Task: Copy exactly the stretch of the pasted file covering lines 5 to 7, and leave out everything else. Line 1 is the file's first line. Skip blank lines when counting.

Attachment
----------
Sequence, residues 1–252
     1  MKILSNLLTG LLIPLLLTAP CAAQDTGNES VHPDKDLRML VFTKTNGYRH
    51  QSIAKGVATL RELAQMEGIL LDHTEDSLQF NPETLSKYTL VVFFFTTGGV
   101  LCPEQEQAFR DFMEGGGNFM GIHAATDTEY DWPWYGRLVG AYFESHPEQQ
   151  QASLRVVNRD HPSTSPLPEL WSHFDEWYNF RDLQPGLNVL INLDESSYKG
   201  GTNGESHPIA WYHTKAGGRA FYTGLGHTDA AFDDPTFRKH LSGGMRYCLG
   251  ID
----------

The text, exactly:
   151  QASLRVVNRD HPSTSPLPEL WSHFDEWYNF RDLQPGLNVL INLDESSYKG
   201  GTNGESHPIA WYHTKAGGRA FYTGLGHTDA AFDDPTFRKH LSGGMRYCLG
   251  ID